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An Investigation Into Student Perception of Teacher Behavior
Denise Almeida Silva

“ There is constant evidence that the effect I think I am having on my learners or my trainees is different from the effect I am actually having on them. How I think I am coming across to others seems to be different from how they think I am coming across.”
Adrian Underhill

Have you ever wondered how your students perceive you as a teacher? Has the discrepancy between how you experience yourself as a teacher and your learners’ perception of your performance disturbed you? This study, motivated by the observation of a recurrent mismatch between teacher and student perception of teacher behavior, discusses the results and implications of a Values Clarification Questionnaire on the matter.

Research was based on the items covered by an institutional Teacher Evaluation Form to which students are submitted every semester, and which seeks to test students’ perception of teacher knowledge, managerial and relational skills. In order to gain insight on the parameters used by students to answer the institutional Teacher Evaluation Form, the Values Clarification Questionnaire applied in this research preserved the same questions as the institutional questionnaire, asking students to describe a behavior that justified their answer (see Appendix A). Questionnaires were administered in Portuguese, so that language proficiency would not interfere in the expression of the intended answers. Respondents were intermediate 12 to 25-year-old students, 77% of whom in the age group between 13-16 years old.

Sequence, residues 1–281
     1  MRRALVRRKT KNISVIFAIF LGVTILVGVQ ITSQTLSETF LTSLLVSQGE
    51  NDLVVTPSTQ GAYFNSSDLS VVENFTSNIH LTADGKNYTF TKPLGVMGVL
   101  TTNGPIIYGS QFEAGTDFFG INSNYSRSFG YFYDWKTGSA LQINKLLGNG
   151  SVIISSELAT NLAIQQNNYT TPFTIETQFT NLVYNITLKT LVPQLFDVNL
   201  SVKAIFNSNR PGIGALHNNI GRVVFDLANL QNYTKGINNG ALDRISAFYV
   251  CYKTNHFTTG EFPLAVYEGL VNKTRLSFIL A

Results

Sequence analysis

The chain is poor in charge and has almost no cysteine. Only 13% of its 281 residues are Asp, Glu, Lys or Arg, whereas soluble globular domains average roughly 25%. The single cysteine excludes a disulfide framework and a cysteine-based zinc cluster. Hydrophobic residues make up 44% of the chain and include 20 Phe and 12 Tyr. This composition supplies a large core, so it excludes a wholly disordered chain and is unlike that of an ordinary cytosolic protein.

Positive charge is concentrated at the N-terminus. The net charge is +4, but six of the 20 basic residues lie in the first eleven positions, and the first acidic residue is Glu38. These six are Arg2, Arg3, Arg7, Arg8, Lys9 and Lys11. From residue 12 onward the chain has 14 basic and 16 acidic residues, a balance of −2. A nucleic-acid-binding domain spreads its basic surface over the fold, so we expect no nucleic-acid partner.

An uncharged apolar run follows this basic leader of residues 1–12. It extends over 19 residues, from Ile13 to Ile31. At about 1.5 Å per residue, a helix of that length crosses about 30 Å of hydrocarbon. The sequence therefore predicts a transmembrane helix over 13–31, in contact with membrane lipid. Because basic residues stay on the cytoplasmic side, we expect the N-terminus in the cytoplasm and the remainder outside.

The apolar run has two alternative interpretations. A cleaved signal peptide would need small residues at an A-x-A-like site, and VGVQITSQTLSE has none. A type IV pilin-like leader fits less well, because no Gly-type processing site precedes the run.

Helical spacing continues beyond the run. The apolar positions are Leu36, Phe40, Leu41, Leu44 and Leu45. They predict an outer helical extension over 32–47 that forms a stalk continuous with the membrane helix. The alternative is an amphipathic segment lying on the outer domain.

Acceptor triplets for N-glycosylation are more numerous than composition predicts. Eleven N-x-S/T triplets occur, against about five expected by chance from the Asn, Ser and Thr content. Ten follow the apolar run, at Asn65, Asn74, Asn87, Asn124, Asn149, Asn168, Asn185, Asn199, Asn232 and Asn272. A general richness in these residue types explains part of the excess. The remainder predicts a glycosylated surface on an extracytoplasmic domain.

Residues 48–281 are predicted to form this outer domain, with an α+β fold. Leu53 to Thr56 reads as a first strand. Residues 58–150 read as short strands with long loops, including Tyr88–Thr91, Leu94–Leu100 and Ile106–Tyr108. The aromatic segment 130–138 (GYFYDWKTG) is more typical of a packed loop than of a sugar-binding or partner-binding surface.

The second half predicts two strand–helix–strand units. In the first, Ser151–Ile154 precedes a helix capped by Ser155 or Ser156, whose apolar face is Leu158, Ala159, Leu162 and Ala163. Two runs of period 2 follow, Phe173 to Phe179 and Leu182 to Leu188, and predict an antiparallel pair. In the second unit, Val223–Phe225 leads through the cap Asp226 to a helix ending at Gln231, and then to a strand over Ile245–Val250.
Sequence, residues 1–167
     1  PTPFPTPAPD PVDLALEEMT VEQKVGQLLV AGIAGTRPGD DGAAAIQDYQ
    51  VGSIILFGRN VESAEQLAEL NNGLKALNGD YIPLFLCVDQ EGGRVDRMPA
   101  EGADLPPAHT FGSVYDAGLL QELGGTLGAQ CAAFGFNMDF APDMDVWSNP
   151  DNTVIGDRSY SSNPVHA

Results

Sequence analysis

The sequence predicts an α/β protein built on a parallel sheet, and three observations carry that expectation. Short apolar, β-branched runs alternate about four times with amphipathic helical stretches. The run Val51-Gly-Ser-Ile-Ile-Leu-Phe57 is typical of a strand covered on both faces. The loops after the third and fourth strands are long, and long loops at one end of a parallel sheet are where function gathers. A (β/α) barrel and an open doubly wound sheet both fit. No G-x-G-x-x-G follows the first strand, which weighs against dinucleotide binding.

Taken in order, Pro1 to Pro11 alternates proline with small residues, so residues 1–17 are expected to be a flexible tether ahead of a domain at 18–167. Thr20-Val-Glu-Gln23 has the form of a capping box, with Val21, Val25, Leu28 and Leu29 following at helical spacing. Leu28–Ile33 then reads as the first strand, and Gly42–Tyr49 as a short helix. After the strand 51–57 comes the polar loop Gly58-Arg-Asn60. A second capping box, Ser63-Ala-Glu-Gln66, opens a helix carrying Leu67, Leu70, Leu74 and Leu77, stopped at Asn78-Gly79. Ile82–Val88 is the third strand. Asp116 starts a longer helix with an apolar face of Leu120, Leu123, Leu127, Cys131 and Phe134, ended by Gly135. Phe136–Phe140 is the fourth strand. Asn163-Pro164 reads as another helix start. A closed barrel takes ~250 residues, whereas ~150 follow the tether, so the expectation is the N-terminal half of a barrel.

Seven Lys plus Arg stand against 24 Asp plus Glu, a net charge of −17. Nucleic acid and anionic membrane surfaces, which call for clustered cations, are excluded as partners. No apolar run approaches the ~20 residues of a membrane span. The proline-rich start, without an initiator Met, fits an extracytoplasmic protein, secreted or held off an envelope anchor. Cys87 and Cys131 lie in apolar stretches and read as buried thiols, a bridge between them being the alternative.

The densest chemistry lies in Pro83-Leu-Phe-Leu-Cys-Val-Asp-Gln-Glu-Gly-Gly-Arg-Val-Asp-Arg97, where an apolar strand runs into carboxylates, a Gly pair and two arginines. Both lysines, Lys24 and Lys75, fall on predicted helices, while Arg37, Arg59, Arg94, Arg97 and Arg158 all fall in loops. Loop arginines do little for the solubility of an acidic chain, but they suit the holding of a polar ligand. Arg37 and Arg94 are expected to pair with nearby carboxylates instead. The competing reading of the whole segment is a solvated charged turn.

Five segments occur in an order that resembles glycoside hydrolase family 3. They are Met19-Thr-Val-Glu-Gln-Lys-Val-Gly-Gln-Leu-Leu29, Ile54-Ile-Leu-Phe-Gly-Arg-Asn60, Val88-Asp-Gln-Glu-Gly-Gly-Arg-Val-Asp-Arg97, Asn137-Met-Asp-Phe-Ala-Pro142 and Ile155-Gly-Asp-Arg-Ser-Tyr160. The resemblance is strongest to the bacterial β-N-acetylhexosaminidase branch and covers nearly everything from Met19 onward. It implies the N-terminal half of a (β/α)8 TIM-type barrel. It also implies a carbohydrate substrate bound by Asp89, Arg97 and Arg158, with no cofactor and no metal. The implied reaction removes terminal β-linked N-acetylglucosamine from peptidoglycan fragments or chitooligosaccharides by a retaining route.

Data analysis revealed some broad parameters used by students in the evaluation of teaching practice, five of them centered on pedagogical practice proper and the other based on student perceptions of his/her own learning progress. These parameters recur in the evaluation of diverse aspects of the teaching process. The most frequently mentioned item is the teacher’s ability to motivate the students, which appears as an indicator in the evaluation of six different teacher behaviors/skills: concern for the students, knowledge, ability to keep the class busy, ability to maintain good class pace, ability to give clear explanations and to promote conversation in L2. While some responses to this item refer to a strict teacher-student relationship, most of them show concern with the class-teacher relationship: descriptors like “he/she is able to motivate the class and make everybody understand” are more frequent than responses like “he/she raises my interest” or “I pay attention”. Words like “all” and “everybody” recur in descriptors like: “all the students pay attention and learn in class,” “all students show that they are learning,” or even, “I work well; the group is paying attention and talking in English.” In contrast with answers that point to desired behavior, others shed some light as to which behaviors may provoke it, as in responses that value the teacher’s bringing new things to class, and his/her alternation between classroom environment and the learning center/lab and/or other facilities, option for field trips and occasional breaking news (“he/she knows how to relate contents to what is happening in the world, and has the students think about it”). Whether or not concern for peer performance and support is age-related, reflecting a teenage trait, is yet to be studied.